All of this happens if the bear is seen on land or swimming. However, the prime bear viewing location is in the pack ice. Each voyage included a day north of the archipelago in the remains of the sea ice that had covered the Arctic Ocean in the winter. This is the natural hunting ground for the bears as it is where the seals go to feed. The diminishing sea ice is the main reason that Polar Bears are threatened. There are many climate models that show that the Arctic Ocean will be ice-free at mid-summer by 2050. Notwithstanding this, every bear that we saw was healthy and well fed.

  The first bear was spotted sleeping during scouting so we did a Zodiac cruise to view it. The first 2 photos were taken from the same spot in the Zodiac at the full wide-angle (25mm or 0.5x magnification)  and full telephoto (600mm or 12x) range of my camera. Bring good binoculars for the Arctic. It woke up and wandered over the ridge.



  We had other occasions when we spotted a bear on the shore and then did a Zodiac cruise - during which I was not able to take photos. I was able to capture an encounter with a group of 4 bears - a mother with 2 cubs plus a single adult - feeding on a whale carcass.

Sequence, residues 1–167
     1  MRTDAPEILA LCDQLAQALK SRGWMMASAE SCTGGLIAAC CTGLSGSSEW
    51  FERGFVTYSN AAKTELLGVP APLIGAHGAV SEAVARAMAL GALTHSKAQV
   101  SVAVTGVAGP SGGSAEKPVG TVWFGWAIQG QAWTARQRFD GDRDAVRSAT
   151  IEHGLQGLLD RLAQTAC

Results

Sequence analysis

By far our best encounters were in the sea ice. The bear would be spotted in the distance and we would approach slowly through the pack. Often the bear would be curious and come to us at the same time - sometimes swimming. Spot the bear in the first photo?







  After the Polar Bear the animal most closely identified with the Arctic is the Walrus. They were actively hunted for over 300 years to near extinction. Protection was established in 1952 and the population has re-bounded. It is estimated the the population in and around Svalbard is 3000-4000. We had nice encounters with them at their "haul-outs" on every voyage - some at landings and some from the Zodiacs - some with males and some with females with calves. On land they lie piled on top of each other. In the water they can be quite curious.